What kind of day was Stage 5? How might I succinctly sum-up to capture the flavour and feel of the action? Let me see…
With forty-seven kilometres remaining Eurosport’s Rob Hatch and colleagues began a lengthy riff on Nougat production. The town of Montelimar was nearby, the “Nougat capital of France” no less. As is the way in France, precise percentages of almonds, pistachios and honey are required to denote a genuine, bona-fide slab of the stuff.
Three-thousand tonnes are produced per year.
Sean Kelly is partial to a nibble.
The ticker, top left, now showed forty kilometres.
It was that kind of day.
A meander from Gap to Privas, criss-crossing the Rhone River, saw the peloton largely intact and in battery-saving mode. The threat of wind – head, tail, cross-tail – towards what promised to be a technical town-centre finish loomed over proceedings.
Scraps of storyline were all we had.
Like Irish sprinter Sam Bennett, for example, snatching on-the-road points from perennial Green Jersey and living legend Peter Sagan to become the virtual Green Jersey. Was our favourite Slovak about to have that garment unceremoniously ripped from his back?Embed from Getty Images
Truth be told, Lord Sagan has looked a bit below par for a good while. Though for context I will add that I, along with most other cycling fans, are not fit to crank the ratchet on his shoes when it comes to passing judgement on his form. He looks below par in the context of Peter Sagan, which resembles most of us living our best life.
But, with all those caveats in place, when he is really ripping it up that squat, upright style of his looks like a precision power delivery system. When he’s a tad off colour he looks a bit ungainly. As if, maybe, being a world class pro-cyclist is not actually the walk in the park we’d been led to believe.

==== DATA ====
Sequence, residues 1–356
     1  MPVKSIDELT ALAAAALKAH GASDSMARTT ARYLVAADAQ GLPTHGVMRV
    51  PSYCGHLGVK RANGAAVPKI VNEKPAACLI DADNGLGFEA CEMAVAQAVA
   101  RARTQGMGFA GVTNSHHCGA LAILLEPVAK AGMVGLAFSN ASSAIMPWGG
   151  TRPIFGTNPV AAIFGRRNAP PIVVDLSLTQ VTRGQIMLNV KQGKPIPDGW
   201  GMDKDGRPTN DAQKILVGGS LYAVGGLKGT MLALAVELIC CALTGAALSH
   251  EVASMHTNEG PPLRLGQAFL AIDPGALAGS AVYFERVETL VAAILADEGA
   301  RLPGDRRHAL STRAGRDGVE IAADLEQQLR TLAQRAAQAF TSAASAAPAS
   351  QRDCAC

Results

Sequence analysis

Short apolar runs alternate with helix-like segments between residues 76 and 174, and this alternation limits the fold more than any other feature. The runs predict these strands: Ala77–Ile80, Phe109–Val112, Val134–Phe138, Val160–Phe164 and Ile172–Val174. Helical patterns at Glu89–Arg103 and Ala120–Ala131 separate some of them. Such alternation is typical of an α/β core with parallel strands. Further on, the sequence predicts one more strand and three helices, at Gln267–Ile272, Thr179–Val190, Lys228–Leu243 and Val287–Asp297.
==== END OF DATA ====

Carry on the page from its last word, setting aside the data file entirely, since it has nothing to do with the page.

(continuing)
Could this really be the year when he loses Green, fair and square, on the road, having won it for seven of the past eight years?
If you think that yes, it might be, then I’ll leave you to pin your colours to that particular mast. I daren’t. But Bennett did indeed end the day turning the virtual into literal.
Into Privas, that the entire show didn’t end up headlong in the barriers was achievement number one. The way was narrow, twisty, and possessed of a frankly obsessive number of roundabouts and general traffic furniture.
We know the French like the whole peeling-the-onion overhead peloton shot but this was insane. The product, dare I say, of the administrative mind of a nation that finds a mere 27% almond content in a confection intolerable.Embed from Getty Images
For our sprint it was the six-man precision train of Team Sunweb, looking quite frankly fantastic in crisp black and white, and committed to delivering Cees Bol to the line, versus an assortment of wheel surfing lead-out-free opponents.
Caleb Ewan, Bennett, Sagan and Bryan Coquard hovered but Wout van Aert, the man-who-can-do-it-all™, was too much. Pipping Bol on the line for another considerable notch on his crowded bedpost.
Tomorrow, Stage 6, will see Peter Sagan wearing a standard team issue Bora-Hansgrohe jersey. And that will look very strange indeed.